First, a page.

Well, ever since we tasted the pleasures of a launch experience of the Falcon Heavy in Florida, as described in our posts of February 8, 2018 and a previous attempt at photographing a launch from Vandenberg on February 24, 2018, we decided that it was time to actually travel to Vandenberg Air Force Base (VAFB) and witness up close the launch of a SpaceX Falcon 9 on October 7, 2018.
So, I met up with OCA Science Nerds and Theatre Impresarios, Scott and Sandy, in Lompoc and made our way to the VAFB Hawk's Nest public viewing site. We knew the site would be open for entry between 5:00 and 7:00 PM, for the scheduled 7:22 PM launch, but we weren't sure what type of parking for crowds we should plan for. As it turned out, we drove to the site about 4:00 PM and found we were in a line of cars about 0.3 miles long, waiting to enter the site. When the time came for the gates to be open, the VAFB military police did an excellent job of ushering all of us in, where we found easy parking and we only had to walk a couple of blocks to the grassy viewing area. Thanks to all the VAFB security personnel for the great viewing opportunity and shepherding of all of us observers!
While we were there we met up with some other OCA members, Astroimagers and Eclipse Followers, David and Jean. So you can see in the photo below, taken just before sunset, where we set up, with Scott and Sandy, about mid picture, with my tripod to the left and further left still is where David and Jean setup. David, as a serious and experienced astrophotographer came equipped with a whole forest of tripods, well maybe four or five tripods and cameras. Thanks for all your help and fun and good to see everyone, Scott, Sandy, David, and Jean!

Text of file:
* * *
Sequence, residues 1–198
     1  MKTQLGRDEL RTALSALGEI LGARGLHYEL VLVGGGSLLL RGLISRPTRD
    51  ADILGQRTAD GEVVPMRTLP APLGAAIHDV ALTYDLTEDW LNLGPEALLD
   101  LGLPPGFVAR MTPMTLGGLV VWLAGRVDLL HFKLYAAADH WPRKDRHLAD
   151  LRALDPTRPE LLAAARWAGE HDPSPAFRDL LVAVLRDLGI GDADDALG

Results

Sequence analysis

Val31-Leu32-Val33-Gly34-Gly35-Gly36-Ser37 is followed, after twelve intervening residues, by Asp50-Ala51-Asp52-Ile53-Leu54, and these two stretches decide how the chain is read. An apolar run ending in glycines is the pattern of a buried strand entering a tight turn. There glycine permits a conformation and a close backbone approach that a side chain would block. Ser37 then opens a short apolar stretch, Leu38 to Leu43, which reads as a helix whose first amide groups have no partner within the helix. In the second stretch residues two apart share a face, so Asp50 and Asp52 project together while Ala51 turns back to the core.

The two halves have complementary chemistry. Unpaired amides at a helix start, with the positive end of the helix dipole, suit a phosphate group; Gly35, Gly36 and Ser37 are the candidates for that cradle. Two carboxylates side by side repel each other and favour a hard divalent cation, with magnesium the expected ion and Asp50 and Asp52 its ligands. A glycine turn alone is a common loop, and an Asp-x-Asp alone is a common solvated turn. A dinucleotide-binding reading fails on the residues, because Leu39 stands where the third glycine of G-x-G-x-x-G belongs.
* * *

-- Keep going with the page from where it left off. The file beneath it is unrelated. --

By the way, you might want to take a look at David's fantastic website for his astrophotos and his launch photos when they show up there at: astrocamera.net.
|The crowd begins to grow and setup facing the VAFB launch site, T0 - 1 hour, 53 minutes (Source: Palmia Observatory)|
This Falcon 9 launch was the first from VAFB where the first stage booster rocket returned to the launch pad and made a landing in the old fashioned way as done in sci-fi movies of the 1950's. The launch and return of the booster is a key innovation that is continuing to reduce the cost of getting into space. The purpose of this launch from VAFB was to put Argentina's SAOCOM-1A into a sun-synchronous orbit. For future upcoming launches, you can check out the Eagles' Nest location in the following map found on the VAFB Facebook page.
|Hawk's Nest observation site near VAFB (Source: VAFB Facebook page)|
Ok, let's now take a look at nine photos of the launch. The first eight were taken at the Hawk's Nest and the last one was taken in Orange County. I think we were about 9 miles from the launch site and after the sun went down and the launch site lights were on, you can make out the Falcon 9 in the image below. Each photo caption includes my best estimate of the time the photo was taken with the first photo of the launch being designated as time "T0".
|Falcon 9 on the VAFB launching pad, 300mm, enlarged/cropped, T0 - 6 minutes (Source: Palmia Observatory)|
|Falcon 9 ignition on the VAFB launching pad, 1/30 second, 300mm, T0 (Source: Palmia Observatory)|
|Falcon 9 liftoff on the VAFB launching pad, 300mm, 1/30 second, T0 + 7 seconds (Source: Palmia Observatory)|
|Falcon 9 after the VAFB launch, 300mm, 1/2500 second, T0 + 46 seconds (Source: Palmia Observatory)|
In this image, about 2 minutes after launch, the rocket exhaust plume is really starting to spread out. As time went on, the plume was just to big to fit in my 300mm, and even my 75mm, field of view. You can spy several glowing objects after the 2nd stage ignited and separated in this image too.